In this month’s video, I look at the technical trends developing in growth versus value stocks. Chart review includes analysis of large-cap, small cap, international, Treasury bonds, and high yield bond ETF prices. Observations of risk and reward are noted throughout, with an emphasis on trend following and sensible portfolio management. Recorded on May 31, 2017.
The ETF world is full of articles touting the advantages of mega-firms like Vanguard, BlackRock, and State Street. These companies have set the bar high for delivering exceptionally transparent, diversified, low-cost, and liquid vehicles to every American investor. Read more
The concept of investing in European stocks seems difficult to stomach considering the decade of lost returns versus their U.S. counterparts. A new post by Michael Batnick, Director of Research for Ritholtz Wealth Management, details the difficult 10-year journey for this foreign investment class. The U.S. has simply been the star outperformer on the global stage for so many consistent years that the home-bias phenomenon has been taken to a new level.
According to their research, U.S. stocks now make up 80% of the average U.S. investor’s equity portfolio. The remaining 20% is likely split among a variety of European, Asian, and emerging market exposure. This overweight exposure towards a high-flying asset class ultimately leaves many investors susceptible to being caught off guard as the pendulum swings in the opposite direction.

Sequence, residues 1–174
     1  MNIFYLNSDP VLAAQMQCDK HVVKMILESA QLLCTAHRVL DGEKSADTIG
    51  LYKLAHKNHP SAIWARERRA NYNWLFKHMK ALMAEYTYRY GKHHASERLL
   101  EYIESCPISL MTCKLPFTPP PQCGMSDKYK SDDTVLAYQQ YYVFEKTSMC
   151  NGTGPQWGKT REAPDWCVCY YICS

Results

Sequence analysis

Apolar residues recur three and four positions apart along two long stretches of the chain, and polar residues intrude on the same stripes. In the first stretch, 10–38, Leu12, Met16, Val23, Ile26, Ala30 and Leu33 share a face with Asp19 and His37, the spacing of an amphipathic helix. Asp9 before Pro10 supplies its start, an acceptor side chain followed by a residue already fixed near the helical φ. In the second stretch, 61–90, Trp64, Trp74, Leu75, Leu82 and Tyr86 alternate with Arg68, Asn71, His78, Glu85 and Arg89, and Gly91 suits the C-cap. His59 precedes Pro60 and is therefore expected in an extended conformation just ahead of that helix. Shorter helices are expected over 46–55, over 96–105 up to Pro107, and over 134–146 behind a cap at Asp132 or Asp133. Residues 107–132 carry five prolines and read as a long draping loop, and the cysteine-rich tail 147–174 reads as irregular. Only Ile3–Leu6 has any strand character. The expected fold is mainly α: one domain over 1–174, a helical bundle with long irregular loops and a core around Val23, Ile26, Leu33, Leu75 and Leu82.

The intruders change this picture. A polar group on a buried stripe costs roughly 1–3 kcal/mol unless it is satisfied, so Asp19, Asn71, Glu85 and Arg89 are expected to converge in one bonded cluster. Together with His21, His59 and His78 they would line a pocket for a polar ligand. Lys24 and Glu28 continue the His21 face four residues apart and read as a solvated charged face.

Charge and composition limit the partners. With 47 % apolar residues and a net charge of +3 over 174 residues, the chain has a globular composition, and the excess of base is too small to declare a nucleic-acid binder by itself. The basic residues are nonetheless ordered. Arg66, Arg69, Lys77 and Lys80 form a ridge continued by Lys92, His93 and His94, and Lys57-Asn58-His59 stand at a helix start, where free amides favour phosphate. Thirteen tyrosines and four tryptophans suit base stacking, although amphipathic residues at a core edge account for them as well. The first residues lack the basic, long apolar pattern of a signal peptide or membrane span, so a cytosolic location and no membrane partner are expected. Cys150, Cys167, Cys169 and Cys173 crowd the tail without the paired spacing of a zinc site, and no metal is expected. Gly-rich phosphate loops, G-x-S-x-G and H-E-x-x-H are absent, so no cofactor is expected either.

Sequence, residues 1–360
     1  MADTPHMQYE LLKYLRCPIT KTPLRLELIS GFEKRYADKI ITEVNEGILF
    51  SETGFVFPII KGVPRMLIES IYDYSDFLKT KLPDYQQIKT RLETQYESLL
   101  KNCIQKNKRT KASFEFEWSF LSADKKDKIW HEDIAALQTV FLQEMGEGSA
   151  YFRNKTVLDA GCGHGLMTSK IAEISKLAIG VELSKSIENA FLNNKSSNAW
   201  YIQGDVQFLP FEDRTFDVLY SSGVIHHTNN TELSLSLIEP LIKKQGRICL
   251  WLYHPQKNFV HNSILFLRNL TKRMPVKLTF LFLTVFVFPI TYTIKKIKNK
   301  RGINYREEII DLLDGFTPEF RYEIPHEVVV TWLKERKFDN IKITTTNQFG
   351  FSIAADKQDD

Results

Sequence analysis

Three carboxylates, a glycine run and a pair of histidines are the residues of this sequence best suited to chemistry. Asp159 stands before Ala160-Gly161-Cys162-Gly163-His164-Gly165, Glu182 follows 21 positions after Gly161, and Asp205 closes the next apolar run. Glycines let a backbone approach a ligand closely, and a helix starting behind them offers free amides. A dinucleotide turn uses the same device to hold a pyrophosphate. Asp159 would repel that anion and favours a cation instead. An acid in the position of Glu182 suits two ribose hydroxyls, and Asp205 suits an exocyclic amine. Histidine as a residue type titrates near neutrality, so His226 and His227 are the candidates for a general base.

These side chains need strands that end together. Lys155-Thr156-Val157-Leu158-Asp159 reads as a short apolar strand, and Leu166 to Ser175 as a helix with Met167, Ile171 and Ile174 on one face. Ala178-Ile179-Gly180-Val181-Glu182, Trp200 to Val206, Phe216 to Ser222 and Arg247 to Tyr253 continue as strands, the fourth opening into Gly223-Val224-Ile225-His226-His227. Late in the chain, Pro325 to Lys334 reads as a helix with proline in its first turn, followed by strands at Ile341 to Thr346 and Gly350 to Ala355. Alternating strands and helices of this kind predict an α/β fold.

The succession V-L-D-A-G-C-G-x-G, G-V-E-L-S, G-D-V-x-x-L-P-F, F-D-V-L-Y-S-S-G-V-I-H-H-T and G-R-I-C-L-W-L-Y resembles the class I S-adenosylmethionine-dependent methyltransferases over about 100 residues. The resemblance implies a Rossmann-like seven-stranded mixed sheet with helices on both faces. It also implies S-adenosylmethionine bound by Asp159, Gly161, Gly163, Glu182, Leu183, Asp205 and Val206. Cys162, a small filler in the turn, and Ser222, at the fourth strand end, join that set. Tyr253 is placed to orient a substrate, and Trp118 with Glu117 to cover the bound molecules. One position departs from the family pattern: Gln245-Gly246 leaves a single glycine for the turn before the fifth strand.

The first 100 days of Donald Trump’s presidency has been good for the stock market. Whether you agree with his policies or not, there is optimism for the future of the global economy that is being reflected in the recent price action.
Now, of course, that doesn’t mean we are going to see a straight path of gains for the next four years. There are going to be a myriad of stumbling blocks, uncertainty, and possibly even a bear market that will creep up when we least expect it. Those declines will be opportunities for those who are ready to take advantage with cash on the sidelines and a well-tuned watch list of solid funds to buy. Read more
Investors who have held onto their U.S.-focused dividend ETFs have been rewarded in both income and capital appreciation during the breadth of this bull market. The combination of relative momentum, low volatility, and steady accumulation of quarterly distributions have been the hallmarks of this steady trade.
Yet, those who study market history know that price performance that outstrips company fundamentals comes at a cost. Namely higher statistical valuation measures, alongside slowly decreasing yield for new investors. As a result, dividend stocks that looked attractive several years ago are now starting to rise into the expensive zone relative to other global opportunities.